Nearshore Americas

Surf’s Always Up in Nicaragua

Having experienced a real boom in recent years, Nicaragua’s tourist sector is beginning to rival that of its more lauded neighbor Costa Rica. After agriculture, tourism is now Nicaragua’s second biggest industry, with visitors commonly drawn by everything from off-the-grid ecological yoga retreats to all-inclusive resort packages.

Nicaragua stands to prosper greatly from a deal with China to fund a new inter-ocean canal through Lake Nicaragua to rival the Panama Canal, but this is not the only reason the nation has been making the news of late. Recent articles in major newspapers like the New York Times and Financial Times have lauded the Central American country as an up-and-coming tourist destination.

Surfer’s Paradise

Tourism in Nicaragua was pioneered by surfers seeking to escape Costa Rica’s increasingly crowded waves of.  Lured by tales of “offshore winds all day,” surfers have been coming in ever-increasing numbers for the past 15 years, to the point where Nicaragua has become one of Central America’s most prominent surfing destinations.

One advantage that Nicaragua holds over Costa Rica and its northern neighbor El Salvador is what is known as the “lake effect.” Nicaragua is blessed with two large inland bodies of water: Lake Managua and the vast Lake Nicaragua (also known as Lago Cocibolca, this is the largest lake in Central America). These lakes create a break in the continental divide, funneling the strong Caribbean trade winds through the narrow landmass to the Pacific Ocean, resulting in strong offshore winds for most of Nicaragua’s Pacific coast.  The offshore winds groom the waves to perfection, and the mainly southwest-facing beaches pick up all the southern Pacific swells from March to November, and some northern Pacific swell from November until April, ensuring Nicaragua has year-round waves that often last all day because they’re not blown out by onshore winds.

Island Hopping

Of course surfing and yoga are not the only things to do in this, the land of volcanoes and lakes. Granada, located on the shore of Lake Nicaragua is a beautiful colonial city with a rich history, while another must-visit attraction is “la isletas” – a group of thousands of islands created by the eruption of nearby Volcan Mombacho.  It is easy to arrange a boat tour through the maze, which includes Monkey Island, home to a troupe of Capuchin monkeys, and many private islands where many prominent families have built their estates.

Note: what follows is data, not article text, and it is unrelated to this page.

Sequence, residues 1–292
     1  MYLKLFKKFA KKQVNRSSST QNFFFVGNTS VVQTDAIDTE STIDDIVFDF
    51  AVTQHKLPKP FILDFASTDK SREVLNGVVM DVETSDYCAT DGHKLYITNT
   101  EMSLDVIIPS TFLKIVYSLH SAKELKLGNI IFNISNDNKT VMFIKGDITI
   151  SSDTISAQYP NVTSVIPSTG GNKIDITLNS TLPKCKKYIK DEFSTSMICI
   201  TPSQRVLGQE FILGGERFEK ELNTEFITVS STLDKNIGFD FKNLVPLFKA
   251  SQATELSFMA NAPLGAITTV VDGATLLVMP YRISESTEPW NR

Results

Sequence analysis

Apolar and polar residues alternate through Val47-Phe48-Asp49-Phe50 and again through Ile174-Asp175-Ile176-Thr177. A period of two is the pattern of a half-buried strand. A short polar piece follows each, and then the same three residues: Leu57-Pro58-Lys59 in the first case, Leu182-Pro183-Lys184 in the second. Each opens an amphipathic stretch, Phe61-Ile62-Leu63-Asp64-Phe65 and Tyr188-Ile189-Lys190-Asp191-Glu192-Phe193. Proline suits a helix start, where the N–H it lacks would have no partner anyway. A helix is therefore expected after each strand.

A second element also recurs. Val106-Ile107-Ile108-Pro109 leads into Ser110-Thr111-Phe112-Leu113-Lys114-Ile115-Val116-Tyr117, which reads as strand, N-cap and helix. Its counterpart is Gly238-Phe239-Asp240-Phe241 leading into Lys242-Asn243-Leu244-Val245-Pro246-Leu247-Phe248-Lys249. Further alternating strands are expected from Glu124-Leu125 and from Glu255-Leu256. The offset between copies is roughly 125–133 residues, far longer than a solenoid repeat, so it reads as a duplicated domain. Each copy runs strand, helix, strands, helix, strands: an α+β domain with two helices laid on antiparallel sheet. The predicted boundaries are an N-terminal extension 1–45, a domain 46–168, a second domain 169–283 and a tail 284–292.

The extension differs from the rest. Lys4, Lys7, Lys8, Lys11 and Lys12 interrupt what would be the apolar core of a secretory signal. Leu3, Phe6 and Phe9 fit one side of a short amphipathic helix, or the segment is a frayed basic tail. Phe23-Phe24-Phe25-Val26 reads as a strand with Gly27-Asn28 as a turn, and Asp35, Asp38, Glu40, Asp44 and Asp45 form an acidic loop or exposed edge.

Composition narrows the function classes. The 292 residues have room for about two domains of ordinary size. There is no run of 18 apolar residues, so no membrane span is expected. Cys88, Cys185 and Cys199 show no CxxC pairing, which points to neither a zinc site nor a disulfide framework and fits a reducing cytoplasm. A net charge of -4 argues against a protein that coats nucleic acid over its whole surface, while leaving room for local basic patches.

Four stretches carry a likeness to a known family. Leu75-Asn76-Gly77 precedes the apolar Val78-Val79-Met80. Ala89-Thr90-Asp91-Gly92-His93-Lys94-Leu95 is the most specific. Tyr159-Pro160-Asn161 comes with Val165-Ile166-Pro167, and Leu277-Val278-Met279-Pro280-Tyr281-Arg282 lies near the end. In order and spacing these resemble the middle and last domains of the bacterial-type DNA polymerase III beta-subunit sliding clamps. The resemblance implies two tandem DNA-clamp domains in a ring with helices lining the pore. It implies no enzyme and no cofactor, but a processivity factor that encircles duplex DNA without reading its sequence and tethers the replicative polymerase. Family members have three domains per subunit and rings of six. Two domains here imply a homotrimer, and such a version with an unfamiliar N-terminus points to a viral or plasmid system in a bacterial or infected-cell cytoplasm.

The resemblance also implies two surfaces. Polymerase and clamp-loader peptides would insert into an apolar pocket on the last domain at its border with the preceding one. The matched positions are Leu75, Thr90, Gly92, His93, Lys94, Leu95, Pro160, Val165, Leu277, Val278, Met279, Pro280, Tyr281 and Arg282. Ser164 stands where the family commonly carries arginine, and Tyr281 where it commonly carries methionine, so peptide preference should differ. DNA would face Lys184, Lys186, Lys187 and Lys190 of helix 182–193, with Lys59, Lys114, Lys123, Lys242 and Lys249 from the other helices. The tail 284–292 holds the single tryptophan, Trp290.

Other popular attractions include Laguna Apoyo, an extinct volcano that is now a national park with a beautiful serene lake open to the public for swimming and picnicking. Elsewhere, chocoholics can visit Granada’s Chocolate Museum – Nicaragua is the birthplace of chocolate and visitors to the museum can learn about its history while of course consuming in great quantities!  Add volcano hikes, volcano boarding, offshore fishing and nightlife to the equation and tourists will see how Nicaragua can keep them entertained as long as their energy levels last.

For souvenir hunters the Massaya Artisan Market is the single best place to pick up mementos and high quality artwork from local artisans. One of Nicaragua’s most popular exports is Flor de Caña. Made from the sugar cane grown in the lowlands, it is one of the most famous rums in Central America and among the most acclaimed in the world. Nicaraguan cigars are also extremely sought after because they for over 60 years they have been produced by Cubans with seeds from Cuba. The local coffee, like all coffee produced in the mountains of Central America, is also excellent.

Sign up for our Nearshore Americas newsletter:

Getting There

Nicaragua’s new International Terminal in Managua receives daily direct flights from Houston, Miami, San Salvador and Panama City.  Once in Managua, finding transportation to outlying areas is not difficult, but visitors who want to avoid any hassle can book all-inclusive packages offered by companies such as Surf Tours Nicaragua. Surf Tours will collect guests from the airport, spirit them off to one (or both) of their two beach front locations, provide four meals per day and organize surf trips, sightseeing, fishing and nightlife outings.

Gregory Chrisman

Add comment